©2018 Rowman & Littlefield (P)2017 Tantor
On December 11th, 1978, a daring armed robbery rocked Kennedy Airport, resulting in the largest unrecovered cash haul in world history, totaling six million dollars. The perpetrators were never apprehended and thirteen people connected to the crime were murdered in homicides that, like the crime itself, remain unsolved to this day. The burglary has fascinated the public for years, dominating headlines around the globe due to the story's unending ravel of mysteries that baffled the authorities. One of the organizers of the sensational burglary, Henry Hill, who passed away in 2012, in collaboration with Daniel Simone, has penned an unprecedented "tell-all" about the robbery with never-before-unveiled details, particulars only known to an insider. In 2013, this infamous criminal act again flared up in the national news when five reputed gangsters were charged in connection to the robbery. This latest twist lends the project an extraordinary sense of timing, and the legal proceedings of the newly arrested suspects will unfold over the next year, continuing to keep the Lufthansa topic in the news.
©2015 Daniel Simone (P)2015 Tantor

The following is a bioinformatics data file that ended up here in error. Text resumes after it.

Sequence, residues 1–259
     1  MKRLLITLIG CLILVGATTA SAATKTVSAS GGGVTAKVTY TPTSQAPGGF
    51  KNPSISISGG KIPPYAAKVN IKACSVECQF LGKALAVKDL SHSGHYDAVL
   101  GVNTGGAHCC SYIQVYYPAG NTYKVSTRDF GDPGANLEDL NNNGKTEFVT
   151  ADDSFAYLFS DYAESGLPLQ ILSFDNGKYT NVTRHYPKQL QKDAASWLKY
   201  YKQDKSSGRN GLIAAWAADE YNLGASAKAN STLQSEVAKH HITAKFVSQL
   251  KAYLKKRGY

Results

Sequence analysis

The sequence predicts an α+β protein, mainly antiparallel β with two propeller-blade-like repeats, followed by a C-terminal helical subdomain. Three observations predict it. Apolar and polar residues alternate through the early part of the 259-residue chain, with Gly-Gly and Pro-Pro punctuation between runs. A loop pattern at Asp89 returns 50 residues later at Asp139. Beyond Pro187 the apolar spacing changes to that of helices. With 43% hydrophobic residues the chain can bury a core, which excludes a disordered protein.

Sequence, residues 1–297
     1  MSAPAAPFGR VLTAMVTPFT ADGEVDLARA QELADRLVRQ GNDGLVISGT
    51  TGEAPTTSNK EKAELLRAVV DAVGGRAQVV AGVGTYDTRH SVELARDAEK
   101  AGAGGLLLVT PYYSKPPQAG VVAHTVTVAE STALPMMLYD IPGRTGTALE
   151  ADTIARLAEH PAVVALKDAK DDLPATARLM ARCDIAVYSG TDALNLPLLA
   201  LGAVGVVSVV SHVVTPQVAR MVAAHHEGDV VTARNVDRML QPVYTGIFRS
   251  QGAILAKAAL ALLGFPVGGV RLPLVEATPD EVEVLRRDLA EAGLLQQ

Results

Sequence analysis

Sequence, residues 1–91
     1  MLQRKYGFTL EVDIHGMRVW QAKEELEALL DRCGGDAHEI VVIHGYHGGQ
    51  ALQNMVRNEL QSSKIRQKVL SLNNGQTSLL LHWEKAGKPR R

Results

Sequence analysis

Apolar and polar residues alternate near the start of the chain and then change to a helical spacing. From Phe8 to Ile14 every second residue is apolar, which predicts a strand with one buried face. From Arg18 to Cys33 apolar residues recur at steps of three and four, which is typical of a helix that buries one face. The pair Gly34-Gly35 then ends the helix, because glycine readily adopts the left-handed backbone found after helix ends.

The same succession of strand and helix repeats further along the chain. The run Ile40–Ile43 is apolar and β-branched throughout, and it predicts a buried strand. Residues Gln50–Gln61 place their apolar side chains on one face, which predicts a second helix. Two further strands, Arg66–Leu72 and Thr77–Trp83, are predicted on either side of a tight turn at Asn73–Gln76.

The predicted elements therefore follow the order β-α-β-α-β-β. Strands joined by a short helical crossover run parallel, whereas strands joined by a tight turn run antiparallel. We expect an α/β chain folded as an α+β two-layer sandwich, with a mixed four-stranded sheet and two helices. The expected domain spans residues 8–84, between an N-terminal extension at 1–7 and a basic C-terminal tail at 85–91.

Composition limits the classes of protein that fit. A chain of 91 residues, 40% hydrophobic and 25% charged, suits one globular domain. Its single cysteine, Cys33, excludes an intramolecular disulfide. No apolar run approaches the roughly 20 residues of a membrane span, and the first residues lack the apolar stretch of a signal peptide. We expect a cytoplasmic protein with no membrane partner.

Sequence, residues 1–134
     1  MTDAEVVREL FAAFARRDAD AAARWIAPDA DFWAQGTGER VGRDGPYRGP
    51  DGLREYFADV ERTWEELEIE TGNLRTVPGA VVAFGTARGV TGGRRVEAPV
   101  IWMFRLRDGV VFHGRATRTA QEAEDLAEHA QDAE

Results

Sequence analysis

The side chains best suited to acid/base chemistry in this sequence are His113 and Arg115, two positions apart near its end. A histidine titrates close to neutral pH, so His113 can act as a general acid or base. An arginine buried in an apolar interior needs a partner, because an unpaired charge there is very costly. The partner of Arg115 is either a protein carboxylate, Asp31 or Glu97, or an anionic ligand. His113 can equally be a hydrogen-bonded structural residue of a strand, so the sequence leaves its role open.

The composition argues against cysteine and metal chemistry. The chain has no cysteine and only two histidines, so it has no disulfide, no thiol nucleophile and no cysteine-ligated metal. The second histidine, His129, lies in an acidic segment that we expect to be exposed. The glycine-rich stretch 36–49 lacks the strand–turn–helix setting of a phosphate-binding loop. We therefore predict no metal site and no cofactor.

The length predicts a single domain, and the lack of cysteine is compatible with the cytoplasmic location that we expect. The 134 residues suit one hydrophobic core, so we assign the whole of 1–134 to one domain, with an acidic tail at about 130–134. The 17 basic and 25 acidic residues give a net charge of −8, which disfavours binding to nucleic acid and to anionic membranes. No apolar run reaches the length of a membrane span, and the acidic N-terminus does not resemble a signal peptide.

Saul Bellow evokes all the rich colors and exotic customs of a highly imaginary Africa in this acclaimed comic novel about a middle-aged American millionaire who, seeking a new, more rewarding life, descends upon an African tribe. Henderson's awesome feats of strength and his unbridled passion for life win him the admiration of the tribe - but it is his gift for making rain that turns him from mere hero into messiah. A hilarious, often ribald story, Henderson the Rain King is also a profound look at the forces that drive a man through life.
©1959, 2019 Saul Bellow (P)2019 Blackstone Audio, Inc.
Fought on July 28, 1864, the Battle of Ezra Church was a dramatic engagement during the Civil War's Atlanta campaign. Confederate forces under John Bell Hood desperately fought to stop William T. Sherman's advancing armies as they tried to cut the last Confederate supply line into the city. Confederates under General Stephen D. Lee nearly overwhelmed the Union right flank, but Federals under General Oliver O. Howard decisively repelled every attack. After five hours of struggle, 5,000 Confederates lay dead and wounded while only 632 Federals were lost. The result was another major step in Sherman's long effort to take Atlanta. Detailing Stephen D. Lee's tactical missteps and Howard's vigilant leadership, Hess challenges many common misconceptions about the battle. Richly narrated and drawn from an array of unpublished manuscripts and firsthand accounts, Hess' work sheds new light on the complexities and significance of this important engagement both on and off the battlefield.
©2015 Earl J. Hess (P)2015 Blackstone Audio, Inc.
Accompanied by interpretations of their significance by noted historian Richard D. Heffner and journalist Alexander Heffner, this book includes important documents such as: The complete text of the Declaration of Independence The complete Constitution of the United States The Emancipation Proclamation Franklin D. Roosevelt's "Four Freedoms" Speech Martin Luther King, Jr.'s "I Have a Dream" Speech Documents relating to September 11, 2001 and the Iraq War
©1952 Richard D. Heffner (P)2020 Tantor